The big picture

As we enter the new year, Congressional leadership has a very full plate of legislative items – many of them carryovers from last year – that it must get done in a year that will be shorter because of this Fall’s mid-term elections.

Budget reconciliation: While the House passed its version of the Build Back Better Act (BBBA) with a strictly partisan vote back in November, the Senate still lacks the votes it needs to pass the House version or its own. The House bill would provide $1.75 trillion bill to fund universal pre-K, a Pell grant expansion, a Medicare expansion, renewable energy credits, and major Obamacare subsidies. Senate Committees have worked through key pieces of the House bill to make revisions, with  Senate Health Education Labor and Pensions Committee making some slight changes, including decreasing the total cost of the education sections by $200 million by eliminating grants for Native American Language teacher professional development and slightly decreasing funding for Community College and Industry Partnership Grants.

Even with these and other changes, Senator Joe Manchin (D-WV) has indicated that he still cannot support the bill and is looking for a narrower and much less expensive package. His general rationale for continued opposition to the House bill is that its high overall cost will exacerbate inflation. Additionally, he opposes expanding the current child tax credit. As a result of Manchin’s position, Senate Democratic leadership do not have the 51 votes that they would need to move this bill through the budget reconciliation process and face the increasingly difficult task of finding a new path forward that will be amenable to Democrats in both the Senate and House. Many House progressives will not support a pared down version of the bill that Manchin might be willing to support, rendering it difficult to secure House passage again. Although the road to the bill’s passage remains unclear, Senate Majority Leader Chuck Schumer (D-NY) has promised a vote on BBBA within the coming weeks.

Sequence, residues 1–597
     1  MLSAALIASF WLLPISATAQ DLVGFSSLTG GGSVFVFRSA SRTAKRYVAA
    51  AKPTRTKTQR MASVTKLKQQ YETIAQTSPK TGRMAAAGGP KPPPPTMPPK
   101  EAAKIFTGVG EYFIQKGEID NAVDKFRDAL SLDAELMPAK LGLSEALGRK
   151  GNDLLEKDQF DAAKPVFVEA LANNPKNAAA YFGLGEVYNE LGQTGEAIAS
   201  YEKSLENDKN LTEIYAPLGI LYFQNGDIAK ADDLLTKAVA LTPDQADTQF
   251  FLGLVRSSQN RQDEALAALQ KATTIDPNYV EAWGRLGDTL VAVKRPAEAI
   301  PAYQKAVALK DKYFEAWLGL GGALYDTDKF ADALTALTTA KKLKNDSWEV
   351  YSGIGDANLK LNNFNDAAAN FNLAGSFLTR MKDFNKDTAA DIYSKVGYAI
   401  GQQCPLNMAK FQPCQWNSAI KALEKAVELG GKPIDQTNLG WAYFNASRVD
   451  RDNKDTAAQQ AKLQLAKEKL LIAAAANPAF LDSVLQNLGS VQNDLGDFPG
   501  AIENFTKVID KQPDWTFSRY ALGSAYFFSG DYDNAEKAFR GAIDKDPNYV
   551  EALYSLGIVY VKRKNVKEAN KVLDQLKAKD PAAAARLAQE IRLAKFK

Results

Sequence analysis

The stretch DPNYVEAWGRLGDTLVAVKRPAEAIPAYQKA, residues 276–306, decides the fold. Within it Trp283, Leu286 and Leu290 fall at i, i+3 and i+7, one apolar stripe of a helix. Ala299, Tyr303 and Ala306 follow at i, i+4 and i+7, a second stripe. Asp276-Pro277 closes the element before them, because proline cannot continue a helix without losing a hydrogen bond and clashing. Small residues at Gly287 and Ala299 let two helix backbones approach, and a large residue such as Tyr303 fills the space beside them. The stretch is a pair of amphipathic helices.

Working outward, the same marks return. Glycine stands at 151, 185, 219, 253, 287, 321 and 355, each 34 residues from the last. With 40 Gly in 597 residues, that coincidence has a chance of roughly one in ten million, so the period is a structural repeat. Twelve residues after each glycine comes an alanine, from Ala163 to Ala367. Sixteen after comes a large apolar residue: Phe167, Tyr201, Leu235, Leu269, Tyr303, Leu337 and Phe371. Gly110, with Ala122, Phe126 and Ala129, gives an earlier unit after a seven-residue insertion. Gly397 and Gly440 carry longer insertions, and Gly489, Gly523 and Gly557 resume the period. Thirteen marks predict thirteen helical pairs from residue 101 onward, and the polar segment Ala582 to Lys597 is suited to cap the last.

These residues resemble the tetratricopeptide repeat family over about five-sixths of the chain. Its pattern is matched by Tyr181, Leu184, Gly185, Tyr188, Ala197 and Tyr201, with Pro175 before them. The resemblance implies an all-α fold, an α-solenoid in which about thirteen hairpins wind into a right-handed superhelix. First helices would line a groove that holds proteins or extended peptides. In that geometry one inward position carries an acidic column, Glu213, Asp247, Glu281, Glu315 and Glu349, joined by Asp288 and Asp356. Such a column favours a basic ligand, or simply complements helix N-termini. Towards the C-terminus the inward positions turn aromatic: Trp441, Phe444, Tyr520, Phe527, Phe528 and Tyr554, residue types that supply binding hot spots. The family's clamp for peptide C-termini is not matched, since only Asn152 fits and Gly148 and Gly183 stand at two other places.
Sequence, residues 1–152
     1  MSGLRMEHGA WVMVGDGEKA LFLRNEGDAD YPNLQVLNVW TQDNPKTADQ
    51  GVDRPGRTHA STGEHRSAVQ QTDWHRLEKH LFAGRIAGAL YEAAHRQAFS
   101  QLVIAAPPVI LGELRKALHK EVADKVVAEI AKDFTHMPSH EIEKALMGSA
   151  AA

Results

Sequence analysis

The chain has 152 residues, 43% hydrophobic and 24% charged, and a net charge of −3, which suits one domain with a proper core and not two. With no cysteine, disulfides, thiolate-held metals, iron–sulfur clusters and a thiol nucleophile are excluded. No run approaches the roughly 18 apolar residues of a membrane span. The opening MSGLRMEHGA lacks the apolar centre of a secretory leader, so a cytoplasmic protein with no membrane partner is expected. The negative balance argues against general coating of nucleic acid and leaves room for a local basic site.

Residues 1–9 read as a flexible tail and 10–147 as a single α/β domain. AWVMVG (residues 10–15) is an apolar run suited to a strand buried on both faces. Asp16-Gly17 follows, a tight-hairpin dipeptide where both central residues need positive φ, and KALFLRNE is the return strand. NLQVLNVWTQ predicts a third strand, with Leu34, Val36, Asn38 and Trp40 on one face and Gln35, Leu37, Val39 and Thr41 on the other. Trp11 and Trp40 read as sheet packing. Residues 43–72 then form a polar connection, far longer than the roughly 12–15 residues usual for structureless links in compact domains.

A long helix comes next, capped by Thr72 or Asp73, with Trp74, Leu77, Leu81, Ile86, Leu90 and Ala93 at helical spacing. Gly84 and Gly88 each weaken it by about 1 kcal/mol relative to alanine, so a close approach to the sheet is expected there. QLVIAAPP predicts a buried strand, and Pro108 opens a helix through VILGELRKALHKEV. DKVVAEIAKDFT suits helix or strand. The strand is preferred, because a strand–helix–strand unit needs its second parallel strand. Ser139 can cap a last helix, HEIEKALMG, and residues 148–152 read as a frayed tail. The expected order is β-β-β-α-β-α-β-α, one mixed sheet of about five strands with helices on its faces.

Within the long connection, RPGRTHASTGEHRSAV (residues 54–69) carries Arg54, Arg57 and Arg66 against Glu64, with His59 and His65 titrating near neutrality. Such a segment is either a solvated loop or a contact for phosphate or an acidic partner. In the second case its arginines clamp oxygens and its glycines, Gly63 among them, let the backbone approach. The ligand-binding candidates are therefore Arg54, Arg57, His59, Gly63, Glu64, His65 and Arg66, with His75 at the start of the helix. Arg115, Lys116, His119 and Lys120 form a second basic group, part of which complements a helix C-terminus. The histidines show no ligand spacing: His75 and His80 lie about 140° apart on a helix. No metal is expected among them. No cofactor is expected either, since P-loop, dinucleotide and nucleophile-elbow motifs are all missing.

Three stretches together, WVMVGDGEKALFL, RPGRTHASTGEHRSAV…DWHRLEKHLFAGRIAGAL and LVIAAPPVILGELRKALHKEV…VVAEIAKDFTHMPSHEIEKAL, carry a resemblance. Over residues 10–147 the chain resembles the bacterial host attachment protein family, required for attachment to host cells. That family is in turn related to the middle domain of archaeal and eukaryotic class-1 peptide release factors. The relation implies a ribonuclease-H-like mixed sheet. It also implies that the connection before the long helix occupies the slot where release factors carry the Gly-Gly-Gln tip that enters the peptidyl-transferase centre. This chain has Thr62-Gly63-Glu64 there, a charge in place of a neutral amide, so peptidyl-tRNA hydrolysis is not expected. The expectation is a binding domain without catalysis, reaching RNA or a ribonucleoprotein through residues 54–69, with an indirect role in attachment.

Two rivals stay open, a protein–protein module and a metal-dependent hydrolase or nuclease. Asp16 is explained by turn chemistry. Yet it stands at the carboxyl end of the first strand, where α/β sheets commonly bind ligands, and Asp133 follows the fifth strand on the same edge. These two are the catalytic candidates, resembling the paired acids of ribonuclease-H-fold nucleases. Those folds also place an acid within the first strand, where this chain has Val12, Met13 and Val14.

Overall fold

Appropriations: With Congress still grappling with BBBA and an effort to pass Voting Rights legislation, FY22 appropriations remain on the back burner – even though Congress is facing a February 18th deadline to fund the government. While the new federal fiscal year began on October 1, Congress has still not approved any of the FY 22 appropriations bills. To prevent a government shutdown, Congress has passed two Continuing Resolutions to keep the government operating, the most recent of which will expire on February 18th. This has effectively delayed further decisions on annual federal education funding to this year and may well delay the President’s FY23 budget. Additionally, the prospect of a Continuing Resolution to cover the remainder of this year remains a possibility. Should that occur, our hopes for increases in Title II of between $50 million (Senate proposal) and $150 million (House approved) would evaporate.

Debt ceiling: One item likely off of Congress’ plate for the remainder of this year is the debt ceiling. Before recessing for the holidays, Congress passed and the President signed legislation that would increase the federal debt limit by $2.5 trillion, thereby allowing the federal government to continue borrowing in order to continue serving its debt obligations. This will allow Congress to wait until 2023 to discuss raising it further.

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Melinda George
(melinda.george@learningforward.
org) is chief policy officer at Learning
Forward.